The first couple weeks of November coincide with dreamy fall temps, long sits in the stand, and big rutting bucks. Unless you live and hunt in the deep South. In that case, the first week of November looks a lot like October, minus a few leaves and (hopefully) cooler temps. But like other aspects of the South, its slow-paced rut has advantages that make it an underrated phenomenon in the whitetail woods.
There are exceptions, some Southern states might experience a typical November rut, but for the deep South (think Gulf Coast states), the rut usually occurs during late winter. For you midwestern and eastern hunters, I can’t think of a better excuse to escape the bitter cold than chasing another rut down south while the rest of the country is knee-deep in snow. So, if you’re itching to notch your tag on a dodgy southern buck, here are a few things to know before pointing your wheels south.
While the rut is predicted easily by a calendar and coinciding photoperiods in most areas of the country, the warm climate of the South allows deer to abide by a different breeding schedule because harsh weather conditions aren’t a factor for fawn births. In a lot of the South, the rut might differ by as much as two months in some states.
This makes it a double-edged sword, especially if you’re traveling to hunt. It also makes the December to February timeframe an exciting time of year. In my home state of Mississippi, parts of the Delta or northern areas might experience peak rut in the first week of December. Southern parts of the state can experience rutting activity as late as February. You know, the month when monster Midwestern deer have likely dropped their antlers.
This past year, my daughter and I watched two bucks fight across the road in my neighbor’s pasture. They couldn’t have been thirty yards from the road, and they didn’t seem to care that two humans were watching them less than 100 yards away. This occurred the first week of February, just a little over a month from my state’s turkey opener. It’s worth noting that I live an hour from the Gulf Coast.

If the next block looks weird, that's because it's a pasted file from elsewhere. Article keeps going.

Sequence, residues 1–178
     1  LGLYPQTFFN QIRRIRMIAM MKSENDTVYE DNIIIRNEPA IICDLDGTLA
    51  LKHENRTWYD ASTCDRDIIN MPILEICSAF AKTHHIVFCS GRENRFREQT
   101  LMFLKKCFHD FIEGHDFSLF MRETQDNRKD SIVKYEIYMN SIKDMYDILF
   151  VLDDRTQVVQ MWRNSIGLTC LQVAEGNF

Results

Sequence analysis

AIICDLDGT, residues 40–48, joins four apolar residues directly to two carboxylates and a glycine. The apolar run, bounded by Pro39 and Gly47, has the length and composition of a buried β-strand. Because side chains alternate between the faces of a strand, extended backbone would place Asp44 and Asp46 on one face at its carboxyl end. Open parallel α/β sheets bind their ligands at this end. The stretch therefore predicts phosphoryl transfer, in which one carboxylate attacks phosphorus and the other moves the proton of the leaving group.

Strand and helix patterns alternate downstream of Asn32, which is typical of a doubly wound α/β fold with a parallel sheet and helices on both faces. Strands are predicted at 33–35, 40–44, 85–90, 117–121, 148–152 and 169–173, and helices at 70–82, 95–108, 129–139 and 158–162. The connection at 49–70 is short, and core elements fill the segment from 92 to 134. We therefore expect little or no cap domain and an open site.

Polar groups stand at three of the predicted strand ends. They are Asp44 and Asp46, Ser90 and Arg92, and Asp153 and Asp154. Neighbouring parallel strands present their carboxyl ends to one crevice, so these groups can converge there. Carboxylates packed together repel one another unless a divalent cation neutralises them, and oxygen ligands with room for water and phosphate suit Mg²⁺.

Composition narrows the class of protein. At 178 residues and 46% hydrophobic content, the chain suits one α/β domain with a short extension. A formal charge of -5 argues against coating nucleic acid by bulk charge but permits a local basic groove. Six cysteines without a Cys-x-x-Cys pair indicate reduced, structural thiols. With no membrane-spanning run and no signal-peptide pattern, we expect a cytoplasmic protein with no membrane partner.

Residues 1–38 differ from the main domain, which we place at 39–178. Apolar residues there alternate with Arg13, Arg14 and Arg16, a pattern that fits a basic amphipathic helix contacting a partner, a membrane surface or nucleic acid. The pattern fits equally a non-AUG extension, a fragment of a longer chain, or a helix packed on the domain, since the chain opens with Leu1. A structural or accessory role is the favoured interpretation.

But if you drive just an hour north from my house where I do most of my hunting, the rut typically falls during the week of Christmas. You can see both the dilemma and the appeal. For this reason, it’s a good idea to call local game wardens in the part of the state you plan on hunting. They’re typically more than happy to tell you when they see the most rut activity, which should help you plan your trip around holidays or work.
Late-season conditions in typical whitetail country can be downright brutal. By this time of year, most hunters are probably tying flies, ice-fishing, or whatever else snowbirds do while they wait for the greenup. In southern states, hunters are just hitting their stride.
Instead of dealing with snow and subzero temps, you’re likely to find fall-like conditions where highs peak in the low 50s and lows hover around freezing. There are exceptions like single-digit temperatures or the occasional seventy-degree Christmas, but those aren’t as common.
The South’s mild winters can also make scouting on the fly a lot easier. Because everything isn’t covered in snow, fresh sign is easy to spot and distinguish from sign laid in the early season. Of course, the lack of cover this time of year can be difficult to navigate but still preferable to snow or frostbite.
Unlike one-buck states, those along the Gulf Coast allow you to take multiple bucks and does with a single license. For instance, Mississippi is a three-buck state, and the high deer density means it’s not out of the question that you could go home with more than one.
It also makes the tag prices easier to stomach, knowing you can bag multiple deer. If you get lucky and tag a deer on your first hunt, you’ve got a great excuse not to play camp cook for your buddies still struggling to find deer.
If you’re a bow-only hunter, this might be a deal breaker for you, even though it shouldn’t. Parts of the deep South have long gun seasons that, for better or worse, overlap with the rut. You also might have to deal with hunters who run deer with dogs.
However, this can be avoided by planning your trip around dog season or targeting areas where it’s not allowed. Luckily, the South holds a lot of public lands, and beating the crowds isn’t a big hurdle.
By the end of December, deer season is three months old, and the number of trucks in parking lots or trailheads looks a lot different from opening day. Casual hunters have called it quits or resorted to box stands within driving distance.
That’s good news for hunters who still have the stamina for all-day sits, especially on public land. Sure, deer have been pressured all season, but remember, it’s the rut, and that means anything can happen.